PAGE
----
NAB introduces restrictions for older home buyers

The bank’s new guidelines for responsible lending have come under fire with some claiming the policy is discriminatory



The National Australia Bank (NAB) has brought in stricter regulations for older property buyers seeking to take out a home loan.
The new guidelines apply to mortgage brokers and other third parties offering white-label loans through NAB’s wholesale funder and distribute Advantedge Financial Services.
“Where a borrower or co-borrower will reach 70 years of age prior to the expiry of the loan term … you must be able to establish how the borrower will be able to meet repayments upon retirement for the remainder of the loan term,” the new policy is reported as saying.
This strengthens the bank’s current regulations which ask brokers to establish how borrowers of 60 years old will meet mortgage payments upon retirement.
A spokesperson from Advantedge told Australian Broker that the lender was committed to responsible lending and having detailed discussions with customers. The overall point of the policy was to initiate conversations with borrowers around proper lending practices.
“Age does not affect a customer’s loan application. Through this policy, we are simply seeking to understand their financial capacity to repay their loan upon possible retirement – for example, they may say they will have paid off their loan, or plan to sell their asset, or they will have adequate funds to continue meeting their repayments,” she said.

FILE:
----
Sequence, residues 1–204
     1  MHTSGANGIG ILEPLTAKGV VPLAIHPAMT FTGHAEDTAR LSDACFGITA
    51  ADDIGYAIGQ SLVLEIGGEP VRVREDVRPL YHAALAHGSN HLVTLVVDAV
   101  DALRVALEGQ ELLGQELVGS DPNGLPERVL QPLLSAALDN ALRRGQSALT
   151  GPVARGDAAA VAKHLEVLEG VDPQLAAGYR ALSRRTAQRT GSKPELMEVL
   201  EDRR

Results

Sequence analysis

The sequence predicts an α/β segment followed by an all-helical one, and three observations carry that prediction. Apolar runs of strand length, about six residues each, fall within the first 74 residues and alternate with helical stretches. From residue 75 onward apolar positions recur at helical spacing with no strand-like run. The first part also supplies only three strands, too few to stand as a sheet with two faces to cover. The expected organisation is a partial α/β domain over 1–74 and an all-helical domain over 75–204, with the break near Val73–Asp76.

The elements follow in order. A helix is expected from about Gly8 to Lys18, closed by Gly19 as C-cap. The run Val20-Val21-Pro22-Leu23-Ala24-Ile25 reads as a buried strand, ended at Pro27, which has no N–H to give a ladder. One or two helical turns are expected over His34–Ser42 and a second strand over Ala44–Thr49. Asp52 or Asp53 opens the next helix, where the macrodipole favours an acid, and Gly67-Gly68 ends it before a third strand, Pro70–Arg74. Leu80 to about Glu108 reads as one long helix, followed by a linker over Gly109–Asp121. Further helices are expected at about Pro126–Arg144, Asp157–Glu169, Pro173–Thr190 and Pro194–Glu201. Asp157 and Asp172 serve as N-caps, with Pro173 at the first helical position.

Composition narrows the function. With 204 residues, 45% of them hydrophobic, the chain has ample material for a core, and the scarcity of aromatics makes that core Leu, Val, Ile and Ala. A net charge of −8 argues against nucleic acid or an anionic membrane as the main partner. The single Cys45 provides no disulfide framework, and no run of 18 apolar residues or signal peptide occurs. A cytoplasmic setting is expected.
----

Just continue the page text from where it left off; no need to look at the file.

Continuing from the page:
However, the Australian Financial Review has reported that certain lawyers and aged groups have said the restrictions might be discriminatory.
“This issue is ability to repay a loan, not age. It should not matter whether someone is 40 years old, or 50 or 70 if they are able to service their borrowings,” Ian Yates, chief executive of Council On The Ageing (COTA), told the AFR.
Alex Grayson, a senior associate at Maurice Blackburn, also spoke to the paper, saying that section 28 of the Age Discrimination Act made it unlawful for a provider of goods and services to discriminate against an individual “on the grounds of the person’s age”.
“Consideration of a loan application should be about an applicant's ability to service a loan and capacity to make their repayments, regardless of their age,” she said.

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